Having read a thread on a similar question on expository papers I'm reminded of reason #99 to drop my math PhD thingy, late c20th: I just couldn't blow up this paper to 4 pages. (OK, one halfpage calculation was left to the expert reader (and other experts could guess), but...)

There are plenty of examples listed here. 


Generally, journals rarely seem to have an explicit lower bound on the lengths of the papers. If they do, they will explicitly tell you so, and in those cases, the same society often publishes a journal for shorter papers. If you proved an important result in a readable way on one page, almost no decent journal would ask you to add a bit of waffle to fit their criteria. So the question you should be asking is "which journals publish results of fill in importance/generality or on the topic of fill in". Having said that, there are a few journals who particularly specialise on short papers, i.e. have an upper bound on length rather than a lower one. In addition to what has been suggested, you can have a look at the Bulletin of the LMS (the LMS also issues two other journals for longer papers). Also, the Bulletin of the Australian Mathematical Society promises short turnover times, which suggests that they like short papers. If you think that your paper is first class, then you can also consider the Annals of Mathematics, since they have a policy of encouraging short papers (by which they mean under 20 pages). But as I say, I genuinly believe that no journal is going to turn down a paper because it is too short, unless this is their explicitly stated policy. So just choose a journal that you think is interested in your result. On the other hand, unless you think that the brevity is a selling point of your paper, why don't you add a few examples to illustrate the interest or the usefulness of your result?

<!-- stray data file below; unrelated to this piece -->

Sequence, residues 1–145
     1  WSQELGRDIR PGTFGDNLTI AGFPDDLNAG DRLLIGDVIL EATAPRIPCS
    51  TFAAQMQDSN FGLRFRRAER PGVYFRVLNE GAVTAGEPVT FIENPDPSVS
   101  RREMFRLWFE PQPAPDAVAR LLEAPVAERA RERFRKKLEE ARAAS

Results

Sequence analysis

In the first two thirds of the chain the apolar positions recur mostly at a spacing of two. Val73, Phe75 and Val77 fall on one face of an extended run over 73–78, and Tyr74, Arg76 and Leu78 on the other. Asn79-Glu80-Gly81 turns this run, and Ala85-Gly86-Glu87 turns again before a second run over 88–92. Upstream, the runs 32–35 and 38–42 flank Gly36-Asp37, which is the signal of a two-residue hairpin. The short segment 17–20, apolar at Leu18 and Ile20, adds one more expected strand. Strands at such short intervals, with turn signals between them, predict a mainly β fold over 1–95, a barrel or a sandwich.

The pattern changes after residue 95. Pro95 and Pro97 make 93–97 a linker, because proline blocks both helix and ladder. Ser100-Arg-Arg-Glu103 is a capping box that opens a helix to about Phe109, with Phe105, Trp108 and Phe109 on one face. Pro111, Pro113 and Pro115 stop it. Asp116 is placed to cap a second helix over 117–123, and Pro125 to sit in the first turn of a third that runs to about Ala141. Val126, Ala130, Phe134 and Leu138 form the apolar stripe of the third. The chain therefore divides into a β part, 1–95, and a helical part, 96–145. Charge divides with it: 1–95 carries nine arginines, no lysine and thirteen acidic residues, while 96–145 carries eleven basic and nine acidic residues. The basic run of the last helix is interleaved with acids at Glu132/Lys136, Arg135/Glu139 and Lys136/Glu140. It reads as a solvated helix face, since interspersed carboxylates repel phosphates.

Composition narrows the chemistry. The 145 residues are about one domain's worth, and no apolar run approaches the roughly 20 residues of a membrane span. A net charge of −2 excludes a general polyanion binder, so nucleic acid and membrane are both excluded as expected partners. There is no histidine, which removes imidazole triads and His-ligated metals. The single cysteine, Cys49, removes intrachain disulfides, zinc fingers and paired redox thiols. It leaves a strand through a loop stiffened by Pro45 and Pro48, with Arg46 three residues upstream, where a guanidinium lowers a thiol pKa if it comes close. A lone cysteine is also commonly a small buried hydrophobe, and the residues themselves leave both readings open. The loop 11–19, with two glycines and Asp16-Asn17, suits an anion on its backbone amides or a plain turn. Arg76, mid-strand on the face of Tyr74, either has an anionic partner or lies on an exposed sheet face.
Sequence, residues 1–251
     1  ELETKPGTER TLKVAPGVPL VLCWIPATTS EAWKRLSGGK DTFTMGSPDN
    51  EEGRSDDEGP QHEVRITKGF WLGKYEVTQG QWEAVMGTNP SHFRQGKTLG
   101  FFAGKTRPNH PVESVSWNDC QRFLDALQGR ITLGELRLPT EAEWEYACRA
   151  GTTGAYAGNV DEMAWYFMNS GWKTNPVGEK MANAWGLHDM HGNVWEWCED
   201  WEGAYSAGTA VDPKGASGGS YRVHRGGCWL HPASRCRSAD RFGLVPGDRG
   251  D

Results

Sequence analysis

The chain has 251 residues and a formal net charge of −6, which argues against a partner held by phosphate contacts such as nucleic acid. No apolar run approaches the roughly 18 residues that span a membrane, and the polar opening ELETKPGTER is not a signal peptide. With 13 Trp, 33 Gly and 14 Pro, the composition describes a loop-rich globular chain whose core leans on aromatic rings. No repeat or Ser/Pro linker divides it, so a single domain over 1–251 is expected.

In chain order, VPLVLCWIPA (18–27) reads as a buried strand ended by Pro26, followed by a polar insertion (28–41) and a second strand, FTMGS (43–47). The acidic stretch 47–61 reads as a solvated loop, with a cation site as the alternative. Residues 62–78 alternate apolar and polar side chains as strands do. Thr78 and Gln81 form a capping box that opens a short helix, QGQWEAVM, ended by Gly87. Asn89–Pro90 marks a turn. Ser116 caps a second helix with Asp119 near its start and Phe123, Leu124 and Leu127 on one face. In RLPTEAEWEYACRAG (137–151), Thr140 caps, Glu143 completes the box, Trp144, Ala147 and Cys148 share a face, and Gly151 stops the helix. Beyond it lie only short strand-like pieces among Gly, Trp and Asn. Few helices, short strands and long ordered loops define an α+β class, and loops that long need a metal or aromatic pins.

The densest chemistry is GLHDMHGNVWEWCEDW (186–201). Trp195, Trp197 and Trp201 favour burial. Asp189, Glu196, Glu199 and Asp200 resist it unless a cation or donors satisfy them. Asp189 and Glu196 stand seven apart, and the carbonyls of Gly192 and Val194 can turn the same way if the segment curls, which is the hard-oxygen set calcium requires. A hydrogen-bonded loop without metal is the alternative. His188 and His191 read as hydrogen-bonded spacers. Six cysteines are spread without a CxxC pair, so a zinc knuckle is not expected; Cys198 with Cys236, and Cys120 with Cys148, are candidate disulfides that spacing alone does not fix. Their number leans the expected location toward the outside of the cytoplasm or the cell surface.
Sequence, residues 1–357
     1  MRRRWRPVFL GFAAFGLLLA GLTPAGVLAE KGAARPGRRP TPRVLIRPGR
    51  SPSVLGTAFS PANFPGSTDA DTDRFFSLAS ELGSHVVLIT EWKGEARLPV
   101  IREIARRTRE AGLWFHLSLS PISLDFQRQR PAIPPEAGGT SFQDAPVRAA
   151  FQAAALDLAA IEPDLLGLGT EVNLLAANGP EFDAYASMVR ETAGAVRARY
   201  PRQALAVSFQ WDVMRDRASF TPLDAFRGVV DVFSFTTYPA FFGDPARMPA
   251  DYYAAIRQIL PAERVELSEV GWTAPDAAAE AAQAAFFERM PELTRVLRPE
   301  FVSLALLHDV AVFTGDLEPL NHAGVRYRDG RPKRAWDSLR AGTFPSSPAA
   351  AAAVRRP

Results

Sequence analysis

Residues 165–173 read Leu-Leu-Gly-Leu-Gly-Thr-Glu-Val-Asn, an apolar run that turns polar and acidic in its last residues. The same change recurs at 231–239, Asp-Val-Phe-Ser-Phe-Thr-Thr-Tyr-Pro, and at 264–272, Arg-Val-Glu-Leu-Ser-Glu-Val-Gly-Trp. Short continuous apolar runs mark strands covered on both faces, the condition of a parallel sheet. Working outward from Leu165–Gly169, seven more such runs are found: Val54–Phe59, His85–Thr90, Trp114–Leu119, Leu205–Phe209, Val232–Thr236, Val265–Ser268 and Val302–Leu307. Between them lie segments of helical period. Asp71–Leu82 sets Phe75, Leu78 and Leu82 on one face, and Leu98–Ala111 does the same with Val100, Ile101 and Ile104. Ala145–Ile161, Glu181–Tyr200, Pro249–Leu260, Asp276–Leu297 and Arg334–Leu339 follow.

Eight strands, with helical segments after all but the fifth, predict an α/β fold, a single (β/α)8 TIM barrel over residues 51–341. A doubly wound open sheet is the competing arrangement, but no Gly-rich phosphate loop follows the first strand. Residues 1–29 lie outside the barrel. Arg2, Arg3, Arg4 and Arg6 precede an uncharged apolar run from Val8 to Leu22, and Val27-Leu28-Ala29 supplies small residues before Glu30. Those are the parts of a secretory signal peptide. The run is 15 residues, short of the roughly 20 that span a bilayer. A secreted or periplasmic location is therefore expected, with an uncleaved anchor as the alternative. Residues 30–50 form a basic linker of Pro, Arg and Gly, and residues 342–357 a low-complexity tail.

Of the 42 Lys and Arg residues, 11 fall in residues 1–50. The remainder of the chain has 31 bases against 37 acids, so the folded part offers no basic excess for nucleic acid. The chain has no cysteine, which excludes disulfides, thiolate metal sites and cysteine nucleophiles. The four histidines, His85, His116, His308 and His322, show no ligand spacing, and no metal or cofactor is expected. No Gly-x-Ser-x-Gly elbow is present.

A lower bound on paper length would make little sense  if something can be proved very quickly, but the proof is novel and the result is interesting enough to justify the publishing process, then so much the better. (With very important results, sometimes you'll even see papers in wellregarded journals entitled 'A Short Proof of (already known result)', because short, clear proofs are valuable even when other proofs are known.) One note of caution though: if you are a 'hobby mathematician' as you say in your profile, and you have an unusual writing style, you may have to work extra hard to overcome the referee's scepticism. This is a reason to write more detail rather than less, especially in the initial submission. You can always trim it down later if that's what the journal wants. 


Proceedings of the AMS likes short papers. Looking at their most recent table of contents, I see between 413, with the median probably around 9. I think they would be open to a 1 page paper. 


The American Mathematical Monthly publishes several short "Notes" in each issue, and I'm sure I've seen several that were only about a page. As you would expect (being published by the MAA), many of these are mainly of pedagogical interest, but there are also some very interesting and nontrivial ones. 


Here is an example of a 3 page paper in the Annals of Mathematics: Hart Smith, An elementary proof of local solvability in two dimensions under condition $(\Psi )$, Annals Math, 136 (1992), 335337. So this is another piece of evidence that most journals have no objection to shortness in papers, even below 4 pages. (This paper is not in my research area, but I know about it from knowing the author.)